Noisy vs. merely equivocal logics
Substructural pluralism about the meaning of logical connectives is best understood as the view that natural language connectives have all (and only) the properties conferred by classical logic, but that particular occurrences of these connectives cannot simultaneously exhibit all these properties. This is just a more sophisticated way of saying that while natural language connectives are ambiguous, they are not so in the way classical logic intends them to be. Since this view is usually framed as a means to resolve paradoxes, little attention is paid to the logical properties of the ambiguous connectives themselves. The present paper sets out to fill this gap. First, I argue that substructural logicians should care about these connectives; next, I describe a consequence relation between a set of ambiguous premises and an ambiguous conclusion, and review the logical properties of ambiguous connectives; finally, I highlight how ambiguous connectives might explain our intuitions about logical rivalry.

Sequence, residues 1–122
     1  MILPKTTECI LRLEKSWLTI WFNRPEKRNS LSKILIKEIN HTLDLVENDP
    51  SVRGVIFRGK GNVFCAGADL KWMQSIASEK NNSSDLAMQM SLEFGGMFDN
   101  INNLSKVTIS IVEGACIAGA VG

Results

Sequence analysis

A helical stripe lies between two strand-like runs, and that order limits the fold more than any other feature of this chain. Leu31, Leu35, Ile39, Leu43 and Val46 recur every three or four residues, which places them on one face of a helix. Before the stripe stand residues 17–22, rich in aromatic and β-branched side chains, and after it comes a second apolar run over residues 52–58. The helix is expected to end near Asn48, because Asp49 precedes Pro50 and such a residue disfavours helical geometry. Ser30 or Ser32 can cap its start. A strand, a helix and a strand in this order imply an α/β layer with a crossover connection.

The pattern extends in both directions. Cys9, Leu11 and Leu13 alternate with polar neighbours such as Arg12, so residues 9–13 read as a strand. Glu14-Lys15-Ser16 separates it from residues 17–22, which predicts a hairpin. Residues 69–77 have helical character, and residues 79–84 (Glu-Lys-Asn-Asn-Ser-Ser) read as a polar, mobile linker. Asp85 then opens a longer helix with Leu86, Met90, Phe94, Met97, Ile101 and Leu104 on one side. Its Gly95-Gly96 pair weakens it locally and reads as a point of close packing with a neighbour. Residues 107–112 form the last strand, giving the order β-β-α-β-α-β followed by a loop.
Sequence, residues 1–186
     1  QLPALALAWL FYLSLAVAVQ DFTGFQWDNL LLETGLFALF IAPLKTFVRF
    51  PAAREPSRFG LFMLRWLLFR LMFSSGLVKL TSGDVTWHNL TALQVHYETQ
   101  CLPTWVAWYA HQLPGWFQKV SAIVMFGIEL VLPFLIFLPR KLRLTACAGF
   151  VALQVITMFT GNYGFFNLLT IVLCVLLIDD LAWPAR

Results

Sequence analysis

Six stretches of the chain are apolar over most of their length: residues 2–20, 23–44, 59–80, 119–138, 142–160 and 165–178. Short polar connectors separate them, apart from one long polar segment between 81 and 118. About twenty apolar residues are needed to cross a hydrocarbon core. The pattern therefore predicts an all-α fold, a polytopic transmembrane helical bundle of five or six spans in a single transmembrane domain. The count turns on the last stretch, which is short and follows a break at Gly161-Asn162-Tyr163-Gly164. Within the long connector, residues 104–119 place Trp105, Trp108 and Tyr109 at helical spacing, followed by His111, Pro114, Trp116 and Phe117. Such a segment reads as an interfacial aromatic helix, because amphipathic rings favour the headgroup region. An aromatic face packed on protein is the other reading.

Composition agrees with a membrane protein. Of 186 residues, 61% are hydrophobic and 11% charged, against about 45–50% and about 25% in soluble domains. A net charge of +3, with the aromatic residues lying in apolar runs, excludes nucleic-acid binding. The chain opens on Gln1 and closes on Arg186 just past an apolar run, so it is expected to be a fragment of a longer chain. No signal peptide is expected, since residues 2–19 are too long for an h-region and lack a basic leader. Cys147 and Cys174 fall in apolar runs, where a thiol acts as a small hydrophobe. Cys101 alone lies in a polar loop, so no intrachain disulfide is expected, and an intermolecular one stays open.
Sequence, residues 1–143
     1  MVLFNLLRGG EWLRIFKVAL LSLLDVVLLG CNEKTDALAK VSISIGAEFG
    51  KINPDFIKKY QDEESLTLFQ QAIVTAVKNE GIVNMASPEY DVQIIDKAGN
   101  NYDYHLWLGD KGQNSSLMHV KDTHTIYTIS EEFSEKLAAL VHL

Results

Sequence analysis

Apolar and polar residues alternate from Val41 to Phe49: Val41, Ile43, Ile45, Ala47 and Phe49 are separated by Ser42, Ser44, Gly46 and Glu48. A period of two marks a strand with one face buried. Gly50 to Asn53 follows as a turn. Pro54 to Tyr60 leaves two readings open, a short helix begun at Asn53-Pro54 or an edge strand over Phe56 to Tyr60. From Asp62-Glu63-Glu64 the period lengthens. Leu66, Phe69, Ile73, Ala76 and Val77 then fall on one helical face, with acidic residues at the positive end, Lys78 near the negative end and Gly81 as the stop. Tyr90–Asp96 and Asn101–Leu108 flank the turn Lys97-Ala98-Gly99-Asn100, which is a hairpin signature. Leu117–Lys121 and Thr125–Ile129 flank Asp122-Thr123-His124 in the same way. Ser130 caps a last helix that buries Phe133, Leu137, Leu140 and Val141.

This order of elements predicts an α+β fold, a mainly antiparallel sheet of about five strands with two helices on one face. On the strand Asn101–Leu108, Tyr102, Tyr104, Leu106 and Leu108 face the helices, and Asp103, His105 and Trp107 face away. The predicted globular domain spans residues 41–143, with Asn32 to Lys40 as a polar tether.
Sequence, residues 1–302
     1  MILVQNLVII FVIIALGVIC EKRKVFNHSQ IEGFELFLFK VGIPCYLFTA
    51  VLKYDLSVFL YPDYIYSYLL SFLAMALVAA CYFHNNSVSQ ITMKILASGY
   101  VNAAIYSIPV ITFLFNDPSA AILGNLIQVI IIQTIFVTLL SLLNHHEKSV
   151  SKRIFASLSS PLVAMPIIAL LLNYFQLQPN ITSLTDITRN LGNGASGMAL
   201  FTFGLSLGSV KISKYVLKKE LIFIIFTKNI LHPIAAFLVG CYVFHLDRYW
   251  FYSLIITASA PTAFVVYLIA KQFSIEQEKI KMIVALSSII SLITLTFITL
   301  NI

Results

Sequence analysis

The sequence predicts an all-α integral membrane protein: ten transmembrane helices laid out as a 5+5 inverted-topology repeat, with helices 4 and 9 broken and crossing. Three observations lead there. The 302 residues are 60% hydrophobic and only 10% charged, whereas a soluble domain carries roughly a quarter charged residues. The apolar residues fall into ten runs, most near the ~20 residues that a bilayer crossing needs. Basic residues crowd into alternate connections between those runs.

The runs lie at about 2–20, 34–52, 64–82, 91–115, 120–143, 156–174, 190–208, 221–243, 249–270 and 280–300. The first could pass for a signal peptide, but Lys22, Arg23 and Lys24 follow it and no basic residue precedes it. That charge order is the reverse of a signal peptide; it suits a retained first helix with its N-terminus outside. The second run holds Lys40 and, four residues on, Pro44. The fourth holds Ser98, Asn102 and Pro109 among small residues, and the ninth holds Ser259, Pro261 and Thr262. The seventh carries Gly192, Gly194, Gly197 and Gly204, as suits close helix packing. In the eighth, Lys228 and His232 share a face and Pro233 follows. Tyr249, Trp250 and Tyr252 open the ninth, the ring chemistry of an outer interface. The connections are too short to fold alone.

Allo, P. (2013)., Noisy vs. merely equivocal logics, in K. Tanaka, F. Berto, E. D. Mares & F. Paoli (eds.), Paraconsistency, Dordrecht, Springer, pp. 57-79.
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